Sunday, November 4, 2012

memories of henry, hope for sandy

Last weekend, as "super storm" Sandy took aim at the northeastern part of our country, my boys ran in a cross country meet in the little known town (village?) of Henry, Louisiana.  I was eager for this meet, because it was the first time in several years that I had occasion to visit Henry, and I was anxious to see the progress that had been made.

As you can see, Henry is a little town not too very far from the Gulf Coast.  My first dealings with Henry were when I interviewed for a job there a little over 20 years ago.  At the time, I think they had a K-12 school, but it has since closed due to consolidation, and at this point, all that appears to remain is a gym.  I chose to wait for a job a little closer to home, and that was that.

Until about 4 years ago.  Hurricane Ike had rolled through, and my sons' Boy Scout troop had offered their services in helping with clean up.  We stopped first in Erath, where we wiped down walls and picked items strewn about in the cemetery, and then journeyed on to Henry.  The destruction there was just heartbreaking.  We concentrated our efforts on the Catholic Church.  A few weeks earlier, it had looked like this.

The church was already about 3 feet off of the ground, and the water left by the storm surge reaches to the door handles.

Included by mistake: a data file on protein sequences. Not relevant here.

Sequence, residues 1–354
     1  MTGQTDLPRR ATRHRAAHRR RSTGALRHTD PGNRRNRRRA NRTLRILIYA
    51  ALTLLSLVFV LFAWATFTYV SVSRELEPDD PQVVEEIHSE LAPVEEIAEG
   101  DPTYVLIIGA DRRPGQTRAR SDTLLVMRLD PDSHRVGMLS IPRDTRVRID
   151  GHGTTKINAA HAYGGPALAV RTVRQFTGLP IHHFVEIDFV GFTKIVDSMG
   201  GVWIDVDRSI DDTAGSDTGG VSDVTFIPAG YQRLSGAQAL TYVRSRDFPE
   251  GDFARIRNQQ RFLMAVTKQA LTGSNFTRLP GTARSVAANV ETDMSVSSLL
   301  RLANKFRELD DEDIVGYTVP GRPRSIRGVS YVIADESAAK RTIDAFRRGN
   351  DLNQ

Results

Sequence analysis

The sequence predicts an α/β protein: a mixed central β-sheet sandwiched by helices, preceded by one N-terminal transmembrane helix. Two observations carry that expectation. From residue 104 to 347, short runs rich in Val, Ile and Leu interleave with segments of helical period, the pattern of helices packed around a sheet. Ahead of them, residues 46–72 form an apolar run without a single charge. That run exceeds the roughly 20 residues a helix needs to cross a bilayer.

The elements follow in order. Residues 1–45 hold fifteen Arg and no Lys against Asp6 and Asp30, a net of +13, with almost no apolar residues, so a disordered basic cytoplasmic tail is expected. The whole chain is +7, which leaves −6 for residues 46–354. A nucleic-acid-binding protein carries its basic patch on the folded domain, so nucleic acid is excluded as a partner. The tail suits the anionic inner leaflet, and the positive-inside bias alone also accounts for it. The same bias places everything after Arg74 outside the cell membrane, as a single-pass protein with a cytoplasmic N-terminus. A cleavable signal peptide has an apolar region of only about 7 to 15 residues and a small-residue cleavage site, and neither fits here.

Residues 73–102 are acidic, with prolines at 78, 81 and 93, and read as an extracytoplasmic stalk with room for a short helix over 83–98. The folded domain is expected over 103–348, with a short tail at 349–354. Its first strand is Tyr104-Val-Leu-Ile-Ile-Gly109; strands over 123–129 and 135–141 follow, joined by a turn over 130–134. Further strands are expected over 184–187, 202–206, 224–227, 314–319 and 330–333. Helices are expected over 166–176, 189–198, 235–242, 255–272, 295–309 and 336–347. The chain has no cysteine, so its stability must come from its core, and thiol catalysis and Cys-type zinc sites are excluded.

There we met Fr. Matthew, a priest from India.  The church had suffered a similar fate after Hurricane Rita, 3 years earlier, and they had just completed renovations.  He had moved back in to the rectory only a few months before Ike.  He was so proud of the new furnishings - real wood pews in the church, new furnishings in the rectory.  It was so sad to see the pews and the buckled wood floor in the sanctuary.  We wiped the film from the pews, and it came back as soon as we wiped it way...probably mold, rather than mud.  The rectory was being gutted that day.  Loads and loads of moldy, wet sheet rock carted out.  We did what we could (which wasn't much), but we left touched that day.  Sometimes when you attempt to give, you are the one who receives, and it was true that day.

Fr. Matthew has since returned to his native country, but he touched us all.  So appreciative, but seemingly in shock, as he carried a few more items that had been on the second floor to his car.

But Henry is a place that you don't happen upon, unless it is your destination, as it was for us this past Saturday.  The school was gone - demolished after Ike, except for the gym (which still smells faintly of mildew).  In the gym hang banners from championships and teams past.  Rather sad, as if time stopped in 1991 or so.

But what we most wanted to see was the church.....

It has been raised another six feet or so.  Unfortunately, it was locked (as most churches are today) and we could not see the inside.  The rectory is gone, moved to a house a few doors down.

And so there is hope. Things do get rebuilt.  Life does go on.  And in the chaos and in the sadness in the good that we do for others, God does work and touch hearts and lives.


  1. South Carolina has made similar adjustments to their architecture after Hugo's visit so many years ago.